The record reveals that the trial court had ample basis for its decision to order Clark to serve his previously suspended sentence in the DOC. Significantly, this was Clark's third violation of probation. Clark's first probation violation, which occurred within weeks of sentencing, occurred when Clark used methamphetamine. He admitted that he had violated probation by using methamphetamine, and the trial court continued him on probation and extended it by six months. Clark's second probation violation involved the use of drugs, this time suboxone, and the trial court again granted leniency to Clark and allowed him to continue on probation. Clark's third probation violation at issue in this appeal was again based on his use of illegal drugs. After ordering Clark to serve the remainder of his previously suspended sentence, the trial court attempted to offer him some words of guidance and encouragement:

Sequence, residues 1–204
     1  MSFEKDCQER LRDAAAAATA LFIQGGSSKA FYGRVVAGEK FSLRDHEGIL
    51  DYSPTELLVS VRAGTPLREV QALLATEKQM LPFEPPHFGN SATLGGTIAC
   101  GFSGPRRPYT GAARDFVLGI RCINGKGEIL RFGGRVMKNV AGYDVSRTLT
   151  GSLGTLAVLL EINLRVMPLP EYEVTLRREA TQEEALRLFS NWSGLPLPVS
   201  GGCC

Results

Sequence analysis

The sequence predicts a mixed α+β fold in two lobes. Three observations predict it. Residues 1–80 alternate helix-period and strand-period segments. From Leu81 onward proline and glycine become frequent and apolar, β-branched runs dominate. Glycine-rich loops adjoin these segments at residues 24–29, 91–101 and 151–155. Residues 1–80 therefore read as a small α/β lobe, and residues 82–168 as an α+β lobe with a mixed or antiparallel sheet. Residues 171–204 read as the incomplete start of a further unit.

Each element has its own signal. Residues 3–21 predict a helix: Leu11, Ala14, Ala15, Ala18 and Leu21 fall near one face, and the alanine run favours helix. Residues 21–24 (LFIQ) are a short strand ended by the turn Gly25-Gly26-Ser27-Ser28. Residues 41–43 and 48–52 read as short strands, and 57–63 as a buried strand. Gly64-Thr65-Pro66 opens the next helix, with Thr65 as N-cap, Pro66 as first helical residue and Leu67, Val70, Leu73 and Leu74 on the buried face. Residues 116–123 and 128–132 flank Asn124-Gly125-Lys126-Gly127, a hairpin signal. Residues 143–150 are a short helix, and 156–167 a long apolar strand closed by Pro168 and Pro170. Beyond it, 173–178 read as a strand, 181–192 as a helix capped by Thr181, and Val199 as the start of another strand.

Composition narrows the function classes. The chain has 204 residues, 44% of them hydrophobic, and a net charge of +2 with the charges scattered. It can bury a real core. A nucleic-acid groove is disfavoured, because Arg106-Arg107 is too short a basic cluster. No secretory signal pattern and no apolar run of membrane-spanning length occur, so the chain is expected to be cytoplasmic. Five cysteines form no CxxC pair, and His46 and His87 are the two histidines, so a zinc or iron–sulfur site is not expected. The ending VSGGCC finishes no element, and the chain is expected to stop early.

Uh, but I am going to be real straight with you, Rex, I think you have a significant drug problem, that's not been addressed very well. And I think that the best option, and I know you don't like it, but the best option, for you, I am going to recommend purposeful incarceration and have you go to the DOC and have you do that. I am going to order you to execute the balance of your sentence, but if you complete the purposeful incarceration you just file a letter and I will consider modifying you back to community corrections or something like that. But you have to take this thing seriously and approach this from a different level. Okay. Because I see this kind of stuff all the time and I kind of get the impression that, you are the type of guy, who can, can schmooze people over pretty easily. Alright. But I am going to tell you that you don't schmooze me over, okay.